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The estate tax is not “dead”. It has been repealed, but, without action by Congress, will come back in 2011 with only a $1 million exemption and a top 55% tax rate. The Obama administration attempted to permanently fix the exemption at $3.5 million, but Congress balked.

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The Estate Tax is Not Dead


Blog Category:
6/19/2010
Richard J. Habiger, J.D.
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The estate tax is “dead”! Or is it?

Greg Turza is a fellow estate planning attorney who practices in Skokie, Illinois.   He reResurrection of Death Taxad a recent article on the estate tax situation, and what follows is his summary.  His post also includes a link to the more detailed article.  And you are welcome to contact me with any of your questions.

The good news is the estate tax is repealed! The bad news is, not for long. Since Bush's 2001 tax cuts went into effect the exemption from estate taxes climbed year by year from $1 million to a high of $3.5 million in 2009.

This year, 2010, is the repeal year but the Bush administration could never garner the 60 votes he needed in the senate to make the repeal permanent.

The consequence is the so-called "sunset" rule. As of January 1, 2011 the law automatically goes back to the way it was in 2001. In the case of the estate tax that means only a $1 million exemption and a top 55% tax rate.

The Obama administration advocates extending the 2009 exemption of $3.5 million on a permanent basis. This appeared to be where the Senate was headed on May 18th when an agreement was reached that had the support of more than 60 senators.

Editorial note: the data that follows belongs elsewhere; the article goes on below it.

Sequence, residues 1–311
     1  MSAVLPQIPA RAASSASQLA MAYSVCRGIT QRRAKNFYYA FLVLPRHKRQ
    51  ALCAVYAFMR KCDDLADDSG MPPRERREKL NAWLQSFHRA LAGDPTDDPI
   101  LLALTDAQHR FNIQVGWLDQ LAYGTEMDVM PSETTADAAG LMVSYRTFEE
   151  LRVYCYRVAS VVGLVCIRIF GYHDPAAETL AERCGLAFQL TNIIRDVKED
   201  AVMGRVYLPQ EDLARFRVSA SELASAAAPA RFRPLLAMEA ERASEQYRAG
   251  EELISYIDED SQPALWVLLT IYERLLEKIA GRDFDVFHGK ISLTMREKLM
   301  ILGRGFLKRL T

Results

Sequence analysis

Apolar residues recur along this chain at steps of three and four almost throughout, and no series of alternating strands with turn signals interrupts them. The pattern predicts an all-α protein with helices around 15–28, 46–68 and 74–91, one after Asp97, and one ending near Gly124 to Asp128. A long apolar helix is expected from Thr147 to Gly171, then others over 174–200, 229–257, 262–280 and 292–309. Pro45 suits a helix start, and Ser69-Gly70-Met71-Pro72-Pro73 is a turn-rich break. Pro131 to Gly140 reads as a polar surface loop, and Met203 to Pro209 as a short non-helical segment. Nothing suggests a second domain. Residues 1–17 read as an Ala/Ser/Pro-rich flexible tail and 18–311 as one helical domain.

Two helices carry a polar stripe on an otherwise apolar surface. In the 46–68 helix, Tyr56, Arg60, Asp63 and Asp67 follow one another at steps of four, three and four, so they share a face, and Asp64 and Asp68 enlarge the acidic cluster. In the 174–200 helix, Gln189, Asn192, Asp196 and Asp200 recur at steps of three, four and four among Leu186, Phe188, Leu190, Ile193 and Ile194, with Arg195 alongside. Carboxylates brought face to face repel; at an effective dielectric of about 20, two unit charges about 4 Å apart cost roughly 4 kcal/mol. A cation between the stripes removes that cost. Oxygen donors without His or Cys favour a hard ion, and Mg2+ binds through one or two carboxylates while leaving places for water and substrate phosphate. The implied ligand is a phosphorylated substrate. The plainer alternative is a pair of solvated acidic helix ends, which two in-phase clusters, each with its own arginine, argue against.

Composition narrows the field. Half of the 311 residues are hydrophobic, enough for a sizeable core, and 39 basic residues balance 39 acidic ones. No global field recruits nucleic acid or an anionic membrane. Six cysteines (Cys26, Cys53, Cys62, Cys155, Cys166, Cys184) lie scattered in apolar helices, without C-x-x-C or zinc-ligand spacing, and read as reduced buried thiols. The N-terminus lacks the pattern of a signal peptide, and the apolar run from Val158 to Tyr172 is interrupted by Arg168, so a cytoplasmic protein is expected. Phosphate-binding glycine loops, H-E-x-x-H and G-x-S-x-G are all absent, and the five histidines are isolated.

But the deal fell apart when the Democratic leadership decided that it will not allow the legislation to come to the floor for a vote unless the legislation has the support of more than half of the Democrat's 59 votes. Since the Democrats lack 50% support within their party the legislation failed.

Regardless of what happens there will be an estate tax next year. The only question is whether the exemption will be $3.5 million or $1 million –and $ 2.5 million is a huge difference in the plans for millions of taxpayers.

For the full story click
here.

The “up-in-the-air” situation with the estate tax is of great concern, particularly for family farmers - many of whom are economically depressed, even though their land may look valuable on paper to an outside observer. Often several generations are dependent on the income that can be generate off the land, supplemented with income from other sources.

It is best to have a plan of action that you can execute quickly once the direction is finally established.  If you’d like to discuss ways to assemble a plan in advance, either comment on this blog with your questions or call me at 618-549-4529 or, toll-free, at 800-336-4529 to meet in person.



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